What To Say To Someone Who Is Hurting Emotionally

What To Say To Someone Who Is Hurting Emotionally

Witnessing a loved one go through emotional pain is challenging; naturally, you yearn to assist them but fear saying something inappropriate.

Pausing to reflect on your intended message often proves beneficial.

We’ve made a list of things that you should and shouldn’t say to someone when they’re hurting emotionally. At the end of the day, we’re all human and it’s nice to have some peace of mind.

Who Are They To You?

An essential consideration is your relationship with the person. Understanding whether they are a close friend, family member, or perhaps more distant affects how you might approach the conversation.

Familiarity with their personality and thought process allows for a tailored approach, ensuring your words are both timely and fitting.

For those less closely connected, such as acquaintances or distant relatives, engaging them with questions to grasp their situation better is wise. However, it’s crucial to tread lightly to avoid seeming invasive or causing further distress.

What Are They Going Through?

A lot of how you talk to this person may depend on what they’re going through and how they might respond to your words.

We all know that it’s like walking on eggshells when talking to someone in this situation, with fresh experiences affecting them with more raw emotion. Remember to be nice and sympathetic.

If the emotional pain that this person is going through is mental health-related, then you may want to avoid using clichés, such as, “Things are going to get better” and, “Cheer up”.

what to say to someone who is hurting emotionally

The best thing to do is listen and be tentative whilst they talk. Avoid creating any hurt feelings and try to replace them with positive feelings.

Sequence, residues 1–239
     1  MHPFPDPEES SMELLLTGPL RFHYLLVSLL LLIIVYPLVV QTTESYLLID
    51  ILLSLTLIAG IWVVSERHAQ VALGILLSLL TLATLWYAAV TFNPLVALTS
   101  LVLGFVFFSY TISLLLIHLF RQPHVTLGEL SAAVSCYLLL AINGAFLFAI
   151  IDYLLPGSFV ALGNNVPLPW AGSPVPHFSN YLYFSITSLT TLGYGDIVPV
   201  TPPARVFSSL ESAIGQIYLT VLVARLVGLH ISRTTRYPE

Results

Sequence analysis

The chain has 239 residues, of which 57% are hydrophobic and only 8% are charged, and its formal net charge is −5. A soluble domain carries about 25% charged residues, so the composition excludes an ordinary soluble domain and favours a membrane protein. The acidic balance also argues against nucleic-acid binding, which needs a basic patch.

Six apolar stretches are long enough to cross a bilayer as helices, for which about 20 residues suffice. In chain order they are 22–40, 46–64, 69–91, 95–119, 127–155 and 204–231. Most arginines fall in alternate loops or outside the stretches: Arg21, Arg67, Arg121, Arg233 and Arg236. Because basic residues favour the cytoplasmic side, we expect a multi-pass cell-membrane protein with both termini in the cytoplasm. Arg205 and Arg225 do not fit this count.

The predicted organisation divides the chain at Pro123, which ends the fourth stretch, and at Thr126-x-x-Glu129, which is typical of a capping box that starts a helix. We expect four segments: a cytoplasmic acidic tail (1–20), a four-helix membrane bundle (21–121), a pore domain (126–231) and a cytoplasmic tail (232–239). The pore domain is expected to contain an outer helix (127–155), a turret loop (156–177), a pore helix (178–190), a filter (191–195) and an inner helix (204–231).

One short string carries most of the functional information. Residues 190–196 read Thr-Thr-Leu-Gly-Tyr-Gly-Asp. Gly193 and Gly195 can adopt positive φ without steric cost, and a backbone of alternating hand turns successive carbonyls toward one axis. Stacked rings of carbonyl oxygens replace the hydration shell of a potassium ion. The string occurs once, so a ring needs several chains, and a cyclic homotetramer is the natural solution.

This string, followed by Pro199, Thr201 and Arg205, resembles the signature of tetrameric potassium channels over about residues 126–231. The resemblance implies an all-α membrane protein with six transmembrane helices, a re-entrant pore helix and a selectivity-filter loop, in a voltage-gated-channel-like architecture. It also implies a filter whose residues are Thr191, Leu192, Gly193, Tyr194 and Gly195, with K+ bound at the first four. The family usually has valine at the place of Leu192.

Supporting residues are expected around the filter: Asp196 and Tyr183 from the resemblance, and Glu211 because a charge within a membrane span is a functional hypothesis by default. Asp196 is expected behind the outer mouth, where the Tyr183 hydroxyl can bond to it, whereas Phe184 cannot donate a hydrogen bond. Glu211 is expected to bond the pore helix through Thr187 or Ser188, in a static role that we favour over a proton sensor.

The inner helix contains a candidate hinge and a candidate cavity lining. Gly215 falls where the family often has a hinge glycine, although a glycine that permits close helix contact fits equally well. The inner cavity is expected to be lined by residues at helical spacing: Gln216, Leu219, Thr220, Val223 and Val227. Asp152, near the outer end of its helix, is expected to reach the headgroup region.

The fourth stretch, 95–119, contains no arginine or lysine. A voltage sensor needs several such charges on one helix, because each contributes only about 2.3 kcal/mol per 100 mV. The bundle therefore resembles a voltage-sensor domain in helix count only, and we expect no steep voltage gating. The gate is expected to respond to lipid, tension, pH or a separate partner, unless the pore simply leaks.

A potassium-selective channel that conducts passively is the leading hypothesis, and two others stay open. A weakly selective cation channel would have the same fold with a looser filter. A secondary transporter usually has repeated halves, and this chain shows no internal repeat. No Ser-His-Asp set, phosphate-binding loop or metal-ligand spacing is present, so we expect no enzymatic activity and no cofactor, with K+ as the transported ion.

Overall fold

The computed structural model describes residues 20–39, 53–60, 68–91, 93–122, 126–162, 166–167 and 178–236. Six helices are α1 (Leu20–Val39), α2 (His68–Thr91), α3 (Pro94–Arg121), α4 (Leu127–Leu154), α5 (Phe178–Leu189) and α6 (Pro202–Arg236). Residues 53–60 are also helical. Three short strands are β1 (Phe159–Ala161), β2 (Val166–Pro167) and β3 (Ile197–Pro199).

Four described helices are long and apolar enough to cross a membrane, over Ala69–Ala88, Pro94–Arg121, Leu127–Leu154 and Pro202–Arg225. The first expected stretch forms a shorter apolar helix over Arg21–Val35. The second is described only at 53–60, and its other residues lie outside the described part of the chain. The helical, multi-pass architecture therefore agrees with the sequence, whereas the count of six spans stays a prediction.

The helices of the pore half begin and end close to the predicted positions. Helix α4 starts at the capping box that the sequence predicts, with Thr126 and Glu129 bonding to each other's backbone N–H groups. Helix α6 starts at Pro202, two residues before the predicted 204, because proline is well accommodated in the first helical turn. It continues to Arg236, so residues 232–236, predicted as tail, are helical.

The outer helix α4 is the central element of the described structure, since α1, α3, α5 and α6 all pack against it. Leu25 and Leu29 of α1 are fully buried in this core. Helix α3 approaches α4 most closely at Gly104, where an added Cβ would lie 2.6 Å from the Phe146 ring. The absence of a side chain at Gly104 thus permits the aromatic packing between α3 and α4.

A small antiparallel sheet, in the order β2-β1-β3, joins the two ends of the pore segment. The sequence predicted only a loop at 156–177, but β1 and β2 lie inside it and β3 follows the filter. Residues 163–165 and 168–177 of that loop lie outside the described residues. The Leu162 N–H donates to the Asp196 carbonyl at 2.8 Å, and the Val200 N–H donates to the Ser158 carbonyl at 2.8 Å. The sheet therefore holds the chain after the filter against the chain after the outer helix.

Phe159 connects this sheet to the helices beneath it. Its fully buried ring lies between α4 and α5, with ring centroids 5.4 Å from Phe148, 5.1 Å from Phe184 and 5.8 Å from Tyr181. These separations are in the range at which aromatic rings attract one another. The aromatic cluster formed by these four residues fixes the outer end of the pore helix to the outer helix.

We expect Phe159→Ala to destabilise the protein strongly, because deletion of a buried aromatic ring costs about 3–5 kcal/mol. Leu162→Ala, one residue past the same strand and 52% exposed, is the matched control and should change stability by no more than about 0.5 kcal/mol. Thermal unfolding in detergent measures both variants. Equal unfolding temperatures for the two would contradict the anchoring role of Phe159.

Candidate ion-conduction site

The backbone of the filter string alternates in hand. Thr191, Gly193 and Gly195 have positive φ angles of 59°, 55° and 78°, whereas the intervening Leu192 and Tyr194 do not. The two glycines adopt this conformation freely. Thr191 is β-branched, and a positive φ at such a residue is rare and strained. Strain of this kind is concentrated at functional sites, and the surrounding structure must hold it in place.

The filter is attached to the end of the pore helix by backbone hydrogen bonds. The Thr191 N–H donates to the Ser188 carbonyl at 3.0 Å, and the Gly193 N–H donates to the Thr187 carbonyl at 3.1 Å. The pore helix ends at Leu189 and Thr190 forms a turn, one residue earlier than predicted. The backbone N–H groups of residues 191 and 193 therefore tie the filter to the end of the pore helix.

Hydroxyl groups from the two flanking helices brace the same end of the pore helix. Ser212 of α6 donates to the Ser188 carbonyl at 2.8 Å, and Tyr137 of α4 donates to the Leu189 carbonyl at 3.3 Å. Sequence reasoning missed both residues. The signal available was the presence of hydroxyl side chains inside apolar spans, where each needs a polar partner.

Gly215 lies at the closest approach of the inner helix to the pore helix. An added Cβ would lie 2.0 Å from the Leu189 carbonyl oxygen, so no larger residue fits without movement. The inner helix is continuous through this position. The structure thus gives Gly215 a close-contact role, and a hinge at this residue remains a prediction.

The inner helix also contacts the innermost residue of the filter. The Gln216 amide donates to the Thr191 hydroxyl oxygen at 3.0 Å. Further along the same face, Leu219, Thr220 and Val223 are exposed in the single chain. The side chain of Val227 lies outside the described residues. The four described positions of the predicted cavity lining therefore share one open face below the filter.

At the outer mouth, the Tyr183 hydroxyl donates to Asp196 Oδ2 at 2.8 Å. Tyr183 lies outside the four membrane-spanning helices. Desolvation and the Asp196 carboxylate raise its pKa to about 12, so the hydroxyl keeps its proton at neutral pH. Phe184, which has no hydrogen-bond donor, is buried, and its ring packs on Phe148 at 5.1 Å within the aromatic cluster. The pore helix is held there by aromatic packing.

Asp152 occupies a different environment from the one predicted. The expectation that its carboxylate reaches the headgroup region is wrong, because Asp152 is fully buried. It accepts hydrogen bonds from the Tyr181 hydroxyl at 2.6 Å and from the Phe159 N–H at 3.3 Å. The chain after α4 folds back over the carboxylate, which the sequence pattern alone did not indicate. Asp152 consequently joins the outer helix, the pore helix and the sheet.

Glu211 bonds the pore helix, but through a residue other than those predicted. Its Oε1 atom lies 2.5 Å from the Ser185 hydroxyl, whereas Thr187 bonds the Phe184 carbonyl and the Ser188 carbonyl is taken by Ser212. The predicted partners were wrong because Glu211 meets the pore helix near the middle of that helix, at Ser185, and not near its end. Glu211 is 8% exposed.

If the emotional issues that this person is currently having revolve around losing a loved one or a relative, then you need to have the goal of comforting the person you care about.

Use active listening to find out how they feel and ensure that they know things will get easier.

Body Language And Physical Affection

When going through a tough time, some people need a good hug to know that someone is there for them.

On top of active listening, some physical stimulation or reassurance can go a long way and will let the person know that you’re not just there to hear what they have to say. You’re there to help them and be supportive.

Sometimes you can talk to someone and hold their hand if you can see they’re becoming emotional. It’s bound to happen and you should prepare yourself for this situation.

Of course, don’t assume that they want to be touched, people deal with emotional pain in different ways.

Sometimes people will look for emotional responses from you, which can show them that you care.

These empathetic responses are good to show that you’re listening to the best of your ability and that you understand what they’re saying. Again, empathetic responses are good for you to show you want to help.

Finding A Silver Lining